Living with Yourself review: Paul Rudd's Netflix comedy delivers the laughs — and food for thought
In Living with Yourself, Paul Rudd plays a harried man (Miles) who finds he's been cloned without his knowledge. The worst part? The clone is a better man than Miles himself.
The following post contains spoilers for Living with Yourself season 1.
There's probably an essay to be written (if there isn't one written already) about how male and female clones are depicted in pop culture. Having extensively examined cloned characters in films and television shows — by which I mean having looked through a few IMDb and Wikipedia entries in desultory fashion and relying on some hazy recollections — one may come to a conclusion that clones, when female, seem to either a) be the handiwork of men looking to recreate some ideal woman that they either 1. Lost tragically or 2. Never 'had' at all; or b) be powerful heroines (or villainesses) working for some usually secret higher cause.
I'm sure clones, when male, too fall into these categories, on occasion. But there's a third, situational category, one that I haven't seen female clones in — that of the harried individual struggling to meet the demands of work and home. (A sub-category replaces the adult with a male teen/child.)
The 1996 film Multiplicity, starring Michael Keaton, had that premise: an overwhelmed dad clones himself so that one of him can manage the professional end of life, and the other, the filial. Apparently, even two of them aren't enough to juggle an average modern American life, so he creates more clones, each with a distinctive personality, leading to a comedy of errors.
You see the problem with having a woman as the protagonist in Keaton's place of course? Keaton's character's dilemma is one the vast majority of them deal with day in, day out, and seem to get by without any friendly, handy clones to pitch in.
Now we have another pop culture product that builds on a similar idea as Multiplicity: Netflix's Paul Rudd-starrer Living with Yourself. Fortunately, its clever title isn't the only thing going for this comedy series.
First, the plot: Rudd plays Miles, a struggling copywriter at an ad firm. At one time, he had a splendid life, excelling at work, happily married to a talented architect, Kate (Aisling Bea), with whom he lives in a big suburban home. But the years have worn him down, as have Kate's and his struggles with getting pregnant. On the verge of losing a big client at work, Miles takes the advice of a co-worker, who tells him about a pricey miracle spa that will rejuvenate him, make him into a new man. Desperate to try anything that will help bring him out of his funk, Miles takes money out of Kate and his fund for infertility treatments, and heads off to the spa, where he is promptly anaesthetised, waking up to find himself…buried, underground, in a forest, clad only in a diaper and copious quantities of cling film.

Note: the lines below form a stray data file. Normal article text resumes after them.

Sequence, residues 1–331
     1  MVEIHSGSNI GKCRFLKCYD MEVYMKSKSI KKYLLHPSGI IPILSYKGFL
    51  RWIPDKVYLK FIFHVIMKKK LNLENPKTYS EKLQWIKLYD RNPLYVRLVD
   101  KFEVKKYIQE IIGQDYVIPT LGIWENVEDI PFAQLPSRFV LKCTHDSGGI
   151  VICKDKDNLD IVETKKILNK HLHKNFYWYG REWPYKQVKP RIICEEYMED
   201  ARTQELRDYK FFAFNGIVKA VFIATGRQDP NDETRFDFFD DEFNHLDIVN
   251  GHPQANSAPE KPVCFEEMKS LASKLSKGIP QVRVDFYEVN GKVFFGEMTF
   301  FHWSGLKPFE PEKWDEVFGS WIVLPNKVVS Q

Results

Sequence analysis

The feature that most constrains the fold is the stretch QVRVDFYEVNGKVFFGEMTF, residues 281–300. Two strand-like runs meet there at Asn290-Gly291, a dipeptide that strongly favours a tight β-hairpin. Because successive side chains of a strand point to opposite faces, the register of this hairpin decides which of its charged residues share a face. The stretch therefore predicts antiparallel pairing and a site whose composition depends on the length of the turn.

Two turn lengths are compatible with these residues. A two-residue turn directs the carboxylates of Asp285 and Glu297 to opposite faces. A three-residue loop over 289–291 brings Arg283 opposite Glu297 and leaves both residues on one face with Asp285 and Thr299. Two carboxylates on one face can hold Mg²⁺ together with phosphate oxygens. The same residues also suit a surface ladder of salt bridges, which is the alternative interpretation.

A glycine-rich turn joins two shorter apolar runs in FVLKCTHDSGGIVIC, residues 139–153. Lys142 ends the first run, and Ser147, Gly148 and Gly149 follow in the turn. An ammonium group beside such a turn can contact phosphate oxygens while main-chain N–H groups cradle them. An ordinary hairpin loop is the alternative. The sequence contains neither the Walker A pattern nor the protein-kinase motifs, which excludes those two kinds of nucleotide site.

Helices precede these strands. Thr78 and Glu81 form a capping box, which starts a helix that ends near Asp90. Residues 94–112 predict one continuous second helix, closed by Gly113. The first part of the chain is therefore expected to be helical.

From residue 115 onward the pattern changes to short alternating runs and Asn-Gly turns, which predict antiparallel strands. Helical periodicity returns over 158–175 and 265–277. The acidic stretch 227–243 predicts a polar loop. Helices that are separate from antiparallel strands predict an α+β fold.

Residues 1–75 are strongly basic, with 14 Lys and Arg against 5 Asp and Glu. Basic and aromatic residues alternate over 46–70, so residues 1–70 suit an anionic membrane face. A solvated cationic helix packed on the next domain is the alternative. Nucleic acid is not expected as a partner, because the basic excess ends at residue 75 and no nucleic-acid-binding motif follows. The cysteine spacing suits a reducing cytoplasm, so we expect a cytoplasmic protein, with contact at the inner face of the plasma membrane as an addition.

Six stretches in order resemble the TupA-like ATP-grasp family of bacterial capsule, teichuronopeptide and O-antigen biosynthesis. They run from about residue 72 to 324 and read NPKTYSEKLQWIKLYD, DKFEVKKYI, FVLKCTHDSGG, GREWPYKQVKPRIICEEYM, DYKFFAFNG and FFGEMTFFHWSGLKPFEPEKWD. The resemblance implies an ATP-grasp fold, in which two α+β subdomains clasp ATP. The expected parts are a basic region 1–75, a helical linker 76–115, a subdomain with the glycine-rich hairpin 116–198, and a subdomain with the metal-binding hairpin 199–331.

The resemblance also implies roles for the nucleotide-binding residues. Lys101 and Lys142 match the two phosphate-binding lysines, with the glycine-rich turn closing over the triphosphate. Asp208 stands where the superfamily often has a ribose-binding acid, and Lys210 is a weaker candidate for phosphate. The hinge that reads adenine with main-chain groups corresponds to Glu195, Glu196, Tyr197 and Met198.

On making his long and cold way home, however, Miles discovers that that isn't the most surreal experience he'll have that day. For, comfortably ensconced in his house, inhabiting his life, is a splitting replica of him — a clone.
Miles and Miles Clone must quickly come to grips with their situation, especially if they're not to alarm Kate or cause any suspicion at the ad firm. Miles is not too keen on keeping his Clone around to begin with, but the latter's success with an all-important client account makes him rethink his position. What's not so comforting is the Clone's ability to charm Kate; the Clone is everything Miles used to once be and no longer is, and is just so much better at navigating the various facets of Miles' life.
The episodes are narrated first from Miles' viewpoint and then the Clone's. One of the best episodes, however, is narrated from the point of view of Kate. It's interesting to see how she perceives Miles and their relationship and life, as also her articulation of how a couple's equation changes over time, as it encompasses not just love and joy but also anger and loss and resentment — and why that bitterness may still feel preferable to a rosy new beginning.
As Miles and the Clone try out a delicate balancing act to keep their secret safe, the titular challenge of "living with yourself" plays out. Each finds the other insufferable, wants what the other has. They each confront the question of which one of them is real, and what makes him so. As the Clone deals with his doomed love for Kate, Miles himself is forced to face the fact that he's made a right hash of things. Miles and the Clone's misadventures are played for laughs, but there's also a smattering of poignancy and philosophy in there, and the climax — fisticuffs between the two men (or the same man, or two different versions of the same man) is as symbolic as it is literal. It's a fight to see which iteration of Miles will win out.
Rudd and Bea have a sweet and easy chemistry that makes you root for them as an onscreen couple. And Rudd plays both beat Miles and upbeat Clone with all the likeability you associate with him. You'll sympathise with the Clone and berate Miles, and surprisingly, find yourself empathising with the larger issues surrounding their predicament. Could the show be funnier, sharper, crisper, more insightful? Undoubtedly. But it still has a charm, imparted entirely by Rudd and Bea.
In conclusion (and conclude I must, since I have no clone to write this while I binge-watch yet another Netflix offering) Living with Yourself is just like its leading man: laidback, low key, and overall quite engaging.
Living With Yourself is currently streaming on Netflix. Watch the trailer here —
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